What makes a snake a snake? Hint: When it comes to the really ancient ones, it's not a lack of legs.
'I'm rather convinced that these animals would have had four legs.' - Michael Caldwell, University of Alberta
Knowing that helped a University of Alberta paleontologist discover snakes far older than any ever found before — snakes so old that they may have crawled on four legs.
University of Alberta paleontologist Michael Caldwell and his team have found four new ancient snake species that lived among the dinosaurs 140 million to 167 million years ago, between the Middle Jurassic and early Cretaceous periods.
"It tells us for sure that snakes are a great deal older in geological time than we thought they were," Caldwell said.
Caldwell was the lead author of a new paper describing the new snakes, published Tuesday in the journal Nature Communications.
Previously, the oldest snake fossils ever found – some of which had hind legs – lived around 100 million years ago.
Where did Caldwell manage to find snakes so much older?
The answer illustrates that paleontology is not always glamorous work.
Digging through drawers
Caldwell and his collaborators spent an entire decade digging, not in some exotic fossil bed in the desert, but through the drawers and cabinets of museum collections around the world.
The new snakes found by Caldwell and his colleagues had been excavated in the U.K., Portugal and the United States. They had all been mistaken for ancient lizards.
Caldwell says that's understandable.
For one thing, the fossils were not complete – they consisted of partial skulls and pieces of the animals' backbones, ribs and hips, but not enough to tell how long the animals were and how they were shaped.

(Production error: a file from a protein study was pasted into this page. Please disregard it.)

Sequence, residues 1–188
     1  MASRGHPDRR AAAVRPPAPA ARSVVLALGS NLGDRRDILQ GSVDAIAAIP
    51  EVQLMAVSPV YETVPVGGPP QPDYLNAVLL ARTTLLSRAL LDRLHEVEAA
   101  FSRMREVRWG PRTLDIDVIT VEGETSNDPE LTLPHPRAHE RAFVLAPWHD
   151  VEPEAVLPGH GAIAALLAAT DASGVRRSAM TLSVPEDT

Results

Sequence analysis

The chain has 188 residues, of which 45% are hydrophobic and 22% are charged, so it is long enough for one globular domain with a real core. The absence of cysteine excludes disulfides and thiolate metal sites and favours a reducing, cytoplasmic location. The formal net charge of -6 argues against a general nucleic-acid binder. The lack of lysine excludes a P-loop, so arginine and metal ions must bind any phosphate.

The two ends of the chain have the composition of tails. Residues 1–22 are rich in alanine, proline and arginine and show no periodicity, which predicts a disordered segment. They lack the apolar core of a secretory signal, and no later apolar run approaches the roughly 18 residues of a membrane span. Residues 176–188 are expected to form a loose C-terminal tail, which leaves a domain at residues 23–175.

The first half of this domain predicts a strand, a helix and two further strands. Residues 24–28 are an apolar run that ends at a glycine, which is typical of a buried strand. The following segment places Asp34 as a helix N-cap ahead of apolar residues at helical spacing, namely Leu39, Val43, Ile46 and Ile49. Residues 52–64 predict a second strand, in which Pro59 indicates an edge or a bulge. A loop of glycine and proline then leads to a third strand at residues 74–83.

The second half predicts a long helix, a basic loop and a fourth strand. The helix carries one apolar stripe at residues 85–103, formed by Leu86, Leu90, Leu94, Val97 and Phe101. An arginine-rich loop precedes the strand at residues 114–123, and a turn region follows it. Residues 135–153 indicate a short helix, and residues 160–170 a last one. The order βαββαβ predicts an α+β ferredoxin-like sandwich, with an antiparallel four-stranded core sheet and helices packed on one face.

For another thing, lizards and snakes look quite similar. They're both reptiles and they're both scaly. Some lizards are even long and legless.
And ancient snakes were even harder to tell apart from lizards than modern snakes.
"I'm rather convinced that these animals would have had four legs," Caldwell said. "If they in fact did, they would have looked remarkably like a lizard."
Jaws that open wide. Really wide.
It was the fossils' jaws that tipped Caldwell off to their true identities.
It turns out what makes a snake a snake is its ability to take gluttony to a whole new level.
Human and lizard jaws are hinged pretty tightly, setting strict limits on how much we can bite off at once.
A snake's jaws, on the other hand, contact each other in a "slidey kind of plastic way," Caldwell said.
"That skull is a little bit overall able to deform, and get out of way when the snake is trying to swallow an egg that is three times the size of its head or whatever they're taking on."
The teeth of the fossils were also very snake-like.
Caldwell added that it's pretty typical for animal lineages to evolve specialized skulls for a certain type of feeding before evolving specialized body shapes.
He also noted that groups of animals always evolve long before they appear in the fossil record.
Now, Caldwell is interested in looking for even older snakes in order to figure out where snakes came from in the first place.
"If we want to find four-legged snakes and get better insights on the origin of the group," he said, "then we need to go back before the Middle Jurassic."
Caldwell co-authored the paper with Randall Nydam at Midwestern University in Glendale, Ariz., his former grad student Alessandro Palci of the South Australian Museum in Adelaide, Australia, and Sebastian Apeseguia of Universidad Maimonides in Buenos Aires, Argentina.
The research was funded by the Natural Science and Engineering Research Council of Canada, the University of Alberta, Midwestern University Alberta Innovates and Maimonides University.